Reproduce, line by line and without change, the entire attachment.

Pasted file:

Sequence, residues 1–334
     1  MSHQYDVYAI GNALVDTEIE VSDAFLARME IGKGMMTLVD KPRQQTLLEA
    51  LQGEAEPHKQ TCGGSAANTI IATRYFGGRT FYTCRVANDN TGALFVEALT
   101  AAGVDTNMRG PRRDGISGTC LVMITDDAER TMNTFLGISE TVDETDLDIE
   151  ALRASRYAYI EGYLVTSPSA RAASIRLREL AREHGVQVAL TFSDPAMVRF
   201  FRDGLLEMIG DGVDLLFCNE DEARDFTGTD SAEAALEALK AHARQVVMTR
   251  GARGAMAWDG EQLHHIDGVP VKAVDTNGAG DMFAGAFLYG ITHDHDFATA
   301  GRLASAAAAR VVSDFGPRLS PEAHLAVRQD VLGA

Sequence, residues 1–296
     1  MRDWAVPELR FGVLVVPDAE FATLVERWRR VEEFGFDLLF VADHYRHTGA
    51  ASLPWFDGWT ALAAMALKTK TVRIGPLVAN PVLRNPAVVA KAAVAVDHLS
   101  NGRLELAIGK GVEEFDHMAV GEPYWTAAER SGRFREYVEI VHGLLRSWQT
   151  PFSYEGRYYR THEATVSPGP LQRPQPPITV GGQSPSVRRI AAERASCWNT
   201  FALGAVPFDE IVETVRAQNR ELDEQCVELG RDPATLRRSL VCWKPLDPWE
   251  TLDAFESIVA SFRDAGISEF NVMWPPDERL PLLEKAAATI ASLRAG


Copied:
Sequence, residues 1–334
     1  MSHQYDVYAI GNALVDTEIE VSDAFLARME IGKGMMTLVD KPRQQTLLEA
    51  LQGEAEPHKQ TCGGSAANTI IATRYFGGRT FYTCRVANDN TGALFVEALT
   101  AAGVDTNMRG PRRDGISGTC LVMITDDAER TMNTFLGISE TVDETDLDIE
   151  ALRASRYAYI EGYLVTSPSA RAASIRLREL AREHGVQVAL TFSDPAMVRF
   201  FRDGLLEMIG DGVDLLFCNE DEARDFTGTD SAEAALEALK AHARQVVMTR
   251  GARGAMAWDG EQLHHIDGVP VKAVDTNGAG DMFAGAFLYG ITHDHDFATA
   301  GRLASAAAAR VVSDFGPRLS PEAHLAVRQD VLGA

Sequence, residues 1–296
     1  MRDWAVPELR FGVLVVPDAE FATLVERWRR VEEFGFDLLF VADHYRHTGA
    51  ASLPWFDGWT ALAAMALKTK TVRIGPLVAN PVLRNPAVVA KAAVAVDHLS
   101  NGRLELAIGK GVEEFDHMAV GEPYWTAAER SGRFREYVEI VHGLLRSWQT
   151  PFSYEGRYYR THEATVSPGP LQRPQPPITV GGQSPSVRRI AAERASCWNT
   201  FALGAVPFDE IVETVRAQNR ELDEQCVELG RDPATLRRSL VCWKPLDPWE
   251  TLDAFESIVA SFRDAGISEF NVMWPPDERL PLLEKAAATI ASLRAG